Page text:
Seminar 01 - Histories and Politics of State, Nation, and Identity

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Week 1: Don E. Walicek (University of Puerto Rico, Puerto Rico) and Week 2: Christian Cwik (University of the West Indies, Trinidad and Tobago)


The development of new political theories of state during the era of enlightenment have changed our societies in a drastic way. Especially the impact of Rousseau’s The Social Contract and Montesquieu’s “Separation of Power” became the basis of the modern state. Former subjects of kings and queens became citizens of states. As citizens they became officially the state sovereign and were fighting for more political and economic participation within the new system. In the colonies the development was different, because the decolonization process had priority and political participation does hardly play a role. The lack of industrialization in the new independent states prevented the emergence of a proletariat hence the conservative feudal system remained during the age of revolutions. The seminar wants to elaborate the differences between state formation processes in Europe and the Americas based on different examples in different epochs among them: the German Confederation State (1815-1848) versus the United States of America, France versus Brazil, Panama versus Albania, Venezuela versus Yugoslavia, Gibraltar versus Anguilla. The seminar will also discuss new state projects such as Catalunya.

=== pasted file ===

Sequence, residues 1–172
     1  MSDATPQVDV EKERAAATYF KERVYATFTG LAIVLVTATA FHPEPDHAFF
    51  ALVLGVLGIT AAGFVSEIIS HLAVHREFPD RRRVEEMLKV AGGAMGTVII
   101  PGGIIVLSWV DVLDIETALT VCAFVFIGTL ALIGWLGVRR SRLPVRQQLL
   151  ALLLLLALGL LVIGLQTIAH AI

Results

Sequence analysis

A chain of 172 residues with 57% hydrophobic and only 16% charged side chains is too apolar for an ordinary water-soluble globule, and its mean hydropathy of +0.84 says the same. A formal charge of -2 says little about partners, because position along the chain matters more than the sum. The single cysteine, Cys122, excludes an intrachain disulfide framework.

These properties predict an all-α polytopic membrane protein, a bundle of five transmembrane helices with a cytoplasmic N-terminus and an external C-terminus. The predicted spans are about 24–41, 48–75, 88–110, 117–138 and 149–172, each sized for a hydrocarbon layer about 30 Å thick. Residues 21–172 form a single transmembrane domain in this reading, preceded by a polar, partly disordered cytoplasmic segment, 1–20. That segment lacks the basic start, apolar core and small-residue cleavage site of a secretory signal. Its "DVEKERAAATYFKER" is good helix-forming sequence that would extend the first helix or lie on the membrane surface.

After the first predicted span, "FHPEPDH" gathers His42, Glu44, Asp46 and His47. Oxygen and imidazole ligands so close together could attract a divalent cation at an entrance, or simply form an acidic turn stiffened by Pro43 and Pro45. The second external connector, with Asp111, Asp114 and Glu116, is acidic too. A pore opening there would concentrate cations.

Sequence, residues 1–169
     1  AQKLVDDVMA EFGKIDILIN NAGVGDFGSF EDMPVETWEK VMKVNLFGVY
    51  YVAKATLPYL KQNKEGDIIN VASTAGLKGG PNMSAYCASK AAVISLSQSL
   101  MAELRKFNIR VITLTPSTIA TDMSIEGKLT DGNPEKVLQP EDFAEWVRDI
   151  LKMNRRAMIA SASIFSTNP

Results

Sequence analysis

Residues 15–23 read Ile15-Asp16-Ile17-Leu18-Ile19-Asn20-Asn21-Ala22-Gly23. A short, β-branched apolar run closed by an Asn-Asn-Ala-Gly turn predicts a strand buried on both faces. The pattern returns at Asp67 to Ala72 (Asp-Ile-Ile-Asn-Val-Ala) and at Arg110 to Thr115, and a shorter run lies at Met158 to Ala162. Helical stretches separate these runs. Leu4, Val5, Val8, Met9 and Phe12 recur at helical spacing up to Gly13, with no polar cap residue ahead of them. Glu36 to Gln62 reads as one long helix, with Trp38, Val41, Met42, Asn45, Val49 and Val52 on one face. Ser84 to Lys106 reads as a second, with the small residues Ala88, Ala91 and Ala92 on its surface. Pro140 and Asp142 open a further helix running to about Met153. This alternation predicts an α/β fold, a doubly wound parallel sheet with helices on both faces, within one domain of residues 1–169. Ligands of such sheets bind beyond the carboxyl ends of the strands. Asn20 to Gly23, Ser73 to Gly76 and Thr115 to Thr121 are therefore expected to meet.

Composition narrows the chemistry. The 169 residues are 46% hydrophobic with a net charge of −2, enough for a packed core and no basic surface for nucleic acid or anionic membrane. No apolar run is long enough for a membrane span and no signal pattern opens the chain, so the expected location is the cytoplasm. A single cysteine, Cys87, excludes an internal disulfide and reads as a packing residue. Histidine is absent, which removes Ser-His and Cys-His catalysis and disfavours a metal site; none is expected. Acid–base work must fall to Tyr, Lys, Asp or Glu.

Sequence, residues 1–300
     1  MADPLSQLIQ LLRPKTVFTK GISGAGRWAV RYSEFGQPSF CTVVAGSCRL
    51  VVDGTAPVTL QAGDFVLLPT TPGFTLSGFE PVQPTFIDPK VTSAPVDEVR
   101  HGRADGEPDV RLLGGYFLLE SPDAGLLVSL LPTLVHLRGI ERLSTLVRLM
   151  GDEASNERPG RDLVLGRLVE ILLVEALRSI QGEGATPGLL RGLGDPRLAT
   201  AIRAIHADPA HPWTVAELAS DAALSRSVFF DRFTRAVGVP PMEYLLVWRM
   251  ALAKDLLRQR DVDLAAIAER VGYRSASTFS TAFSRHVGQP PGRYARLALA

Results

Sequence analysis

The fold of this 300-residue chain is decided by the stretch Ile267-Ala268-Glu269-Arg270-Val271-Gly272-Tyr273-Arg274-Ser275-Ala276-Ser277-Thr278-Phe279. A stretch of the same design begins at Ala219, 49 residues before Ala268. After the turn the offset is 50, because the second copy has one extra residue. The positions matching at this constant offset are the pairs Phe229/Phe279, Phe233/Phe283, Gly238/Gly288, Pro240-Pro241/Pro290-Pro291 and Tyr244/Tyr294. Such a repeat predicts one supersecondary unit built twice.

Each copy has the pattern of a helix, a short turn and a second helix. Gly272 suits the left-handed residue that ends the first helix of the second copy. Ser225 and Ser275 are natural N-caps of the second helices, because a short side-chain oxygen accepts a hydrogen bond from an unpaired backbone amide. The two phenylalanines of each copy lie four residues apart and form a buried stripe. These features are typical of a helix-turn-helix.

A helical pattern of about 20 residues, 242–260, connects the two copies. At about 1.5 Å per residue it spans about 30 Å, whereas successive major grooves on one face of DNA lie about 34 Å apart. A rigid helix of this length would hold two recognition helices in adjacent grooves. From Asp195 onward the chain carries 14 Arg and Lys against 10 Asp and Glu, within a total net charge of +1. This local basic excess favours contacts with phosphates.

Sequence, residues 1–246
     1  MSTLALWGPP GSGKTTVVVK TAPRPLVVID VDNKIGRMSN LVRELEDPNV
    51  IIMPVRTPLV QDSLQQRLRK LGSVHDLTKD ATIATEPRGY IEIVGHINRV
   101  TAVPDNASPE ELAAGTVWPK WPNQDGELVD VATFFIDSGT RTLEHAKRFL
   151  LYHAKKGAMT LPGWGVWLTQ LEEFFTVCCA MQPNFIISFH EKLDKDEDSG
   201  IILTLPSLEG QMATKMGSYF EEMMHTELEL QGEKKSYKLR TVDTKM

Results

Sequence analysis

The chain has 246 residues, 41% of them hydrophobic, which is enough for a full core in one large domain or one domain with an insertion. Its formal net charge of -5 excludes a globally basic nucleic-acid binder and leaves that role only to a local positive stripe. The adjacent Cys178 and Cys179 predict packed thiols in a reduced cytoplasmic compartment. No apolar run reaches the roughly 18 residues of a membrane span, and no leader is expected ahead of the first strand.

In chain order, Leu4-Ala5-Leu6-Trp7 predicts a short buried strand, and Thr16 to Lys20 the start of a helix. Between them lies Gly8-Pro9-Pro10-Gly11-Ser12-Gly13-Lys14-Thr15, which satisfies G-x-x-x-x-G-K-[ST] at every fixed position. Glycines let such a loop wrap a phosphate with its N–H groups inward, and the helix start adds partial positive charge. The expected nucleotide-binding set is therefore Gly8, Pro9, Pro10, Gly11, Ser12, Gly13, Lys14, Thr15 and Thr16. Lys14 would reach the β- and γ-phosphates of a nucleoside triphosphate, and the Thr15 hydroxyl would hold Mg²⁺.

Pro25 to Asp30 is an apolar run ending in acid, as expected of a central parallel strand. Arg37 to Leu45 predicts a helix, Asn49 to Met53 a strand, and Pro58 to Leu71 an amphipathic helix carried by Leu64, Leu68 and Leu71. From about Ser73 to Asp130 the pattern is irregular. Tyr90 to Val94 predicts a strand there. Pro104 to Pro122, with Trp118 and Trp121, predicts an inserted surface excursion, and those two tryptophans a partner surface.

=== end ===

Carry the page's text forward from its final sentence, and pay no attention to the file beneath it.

Students will explore the expression of individual human experiences at Guantánamo Bay, Cuba, and instances in which the U.S. Naval Base at Guantánamo Bay has figured prominently in the collective conscience of Americans as well as populations in the Caribbean and Latin America. Special attention will be given to the occupation of the bay by the U.S. during the Spanish-American War, episodes in which tens of thousands of Cuban and Haitian refugees were held there in the 1990s, and the operations of the prison for suspected terrorists established there in the aftermath of 9/11. Factors leading to Guantánamo’s emergence role as a place that has impacted the formation of states, nations, military policies, and identities will be considered.

Christian Cwik


(University of the West Indies, Trinidad & Tobago)

Short CV:   >> open <<

Don E. Walicek

(University of Puerto Rico, Puerto Rico)

Short CV: Coming soon

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